.. “Either you are in awe of the grandeur of commuting, taking a two-hour drive and turning it into a helicopter ride, or you can just be, like, disgusted by the waste.” As though there were even a sliver of doubt, Magerman added, “I was in the latter category.”

It wasn’t just the waste that gnawed at him — it was the trespass of a moral principle. The helicopter commute was an example of something that, if everyone did it, would obviously be wrong. ”10,000 people can’t be flying helicopters from their backyard,” he said.

.. Magerman calls that helicopter trip “extra-societal” and “outside the realm of normal behavior,” words that also fit what he believes is wrong with Mercer’s relationship to the president. Magerman thinks Mercer has bought special access to impose “extra-societal” views on the Trump administration.

.. “The ultra-wealthy of today differ from the ultra-wealthy in past eras in that they have, a lot of them, no stake in the infrastructure of society,” Magerman said. He’s seen that their wealth does not depend on the health and stability of the country. In fact, they get rich on volatility and instability.

.. Mercer is not a finance guy; he is a computer scientist. But his research developing speech translation programs through pattern recognition can apparently also be used to discover obscure patterns in the financial markets and make an enormous fortune

.. Instead of poring over prospectuses and profit and loss statements, they apply their sciences to the data that affect markets. It’s called quantitative analysis, and they themselves are known as “quants.”

.. Medallion has pumped out annualized returns of almost 80 per cent a year, before fees.” Even in a bad year, it churns out more than 20 per cent returns.

.. “The people I worked with were great scientists. I mean, we could have solved a lot of important and interesting problems if we’d worked on different things. Instead, we made hundreds of millions of dollars,

.. The problem that Renaissance Technologies faced trying to predict market behaviour is, he said, essentially the same problem that Cambridge Analytica faces in voter analysis and persuasion.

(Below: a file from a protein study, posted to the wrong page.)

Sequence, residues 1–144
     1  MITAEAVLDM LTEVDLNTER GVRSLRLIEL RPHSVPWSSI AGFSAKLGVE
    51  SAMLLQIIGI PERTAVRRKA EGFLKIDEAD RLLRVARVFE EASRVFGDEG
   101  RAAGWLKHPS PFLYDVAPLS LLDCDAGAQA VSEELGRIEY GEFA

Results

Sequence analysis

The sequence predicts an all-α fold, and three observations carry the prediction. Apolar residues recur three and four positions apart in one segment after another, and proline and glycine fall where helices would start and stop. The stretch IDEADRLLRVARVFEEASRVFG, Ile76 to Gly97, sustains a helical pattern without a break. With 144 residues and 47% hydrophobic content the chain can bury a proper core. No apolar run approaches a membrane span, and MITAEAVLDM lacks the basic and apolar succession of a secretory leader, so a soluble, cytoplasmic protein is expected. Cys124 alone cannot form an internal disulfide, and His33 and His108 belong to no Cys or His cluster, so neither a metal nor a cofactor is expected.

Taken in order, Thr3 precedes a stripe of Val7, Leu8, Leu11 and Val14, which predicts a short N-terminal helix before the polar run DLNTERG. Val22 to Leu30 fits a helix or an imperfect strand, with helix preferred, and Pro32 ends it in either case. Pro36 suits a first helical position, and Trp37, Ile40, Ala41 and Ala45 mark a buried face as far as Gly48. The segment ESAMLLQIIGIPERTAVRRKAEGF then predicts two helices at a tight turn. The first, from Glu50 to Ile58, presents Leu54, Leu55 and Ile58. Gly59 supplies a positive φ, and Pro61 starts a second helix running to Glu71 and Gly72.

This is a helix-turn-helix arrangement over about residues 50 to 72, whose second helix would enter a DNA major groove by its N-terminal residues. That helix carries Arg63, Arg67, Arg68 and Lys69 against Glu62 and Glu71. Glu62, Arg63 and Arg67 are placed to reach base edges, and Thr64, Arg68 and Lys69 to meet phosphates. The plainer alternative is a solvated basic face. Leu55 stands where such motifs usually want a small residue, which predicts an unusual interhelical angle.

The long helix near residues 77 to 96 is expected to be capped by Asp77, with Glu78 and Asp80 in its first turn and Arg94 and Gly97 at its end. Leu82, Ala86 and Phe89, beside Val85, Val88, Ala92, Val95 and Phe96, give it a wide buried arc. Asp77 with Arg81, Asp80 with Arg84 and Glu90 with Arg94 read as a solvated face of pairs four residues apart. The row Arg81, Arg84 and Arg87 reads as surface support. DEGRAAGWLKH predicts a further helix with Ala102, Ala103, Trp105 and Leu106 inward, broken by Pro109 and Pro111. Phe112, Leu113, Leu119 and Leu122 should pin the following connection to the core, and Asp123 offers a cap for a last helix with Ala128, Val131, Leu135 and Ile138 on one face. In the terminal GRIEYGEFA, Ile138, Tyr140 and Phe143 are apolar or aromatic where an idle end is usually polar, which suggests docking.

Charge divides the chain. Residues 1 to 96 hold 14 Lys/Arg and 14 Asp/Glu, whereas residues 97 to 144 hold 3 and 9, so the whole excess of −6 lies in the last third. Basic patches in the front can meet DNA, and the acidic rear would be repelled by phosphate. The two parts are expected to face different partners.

.. Data analysts are largely skeptical that Cambridge Analytica could have had a decisive impact on the 2016 U.S. election or the Brexit referendum, but Magerman brushes that off with a reminder that so-called experts were also skeptical that computer algorithms could predict financial markets.

.. , “Bob thinks the less government the better. He’s happy if people don’t trust the government. And if the president’s a bozo? He’s fine with that. He wants it all to fall down.

.. They didn’t get rich by providing the goods, services and infrastructure that bring people into direct contact with their community and its interests — they got rich in financial markets, making money for the sake of it.

.. But the real shrinking of the role of government has been in Trump’s choice of cabinet members, whose aim seems to be to assail the policy goals of their departments.

Thus, the

  1. secretary of energy is someone who once campaigned to get rid of the Energy Department; the
  2. Secretary of Education has advocated against the public schools system; the
  3. Environmental Protection Agency director has a record of repeatedly suing the EPA; and the
  4. Attorney General has a reputation for opposing the expansion of civil rights.

Other departments are reportedly withering from neglect, as key positions are filled by unqualified people or not filled at all.

.. his daughter Rebekah was part of the transition team that helped Trump choose his cabinet.

.. Was it all worth it?

It’s like, was having surgery worth it?” Magerman says. “I mean, it was necessary. There was a disease that I thought, like, maybe I had a scintilla of a cure for.”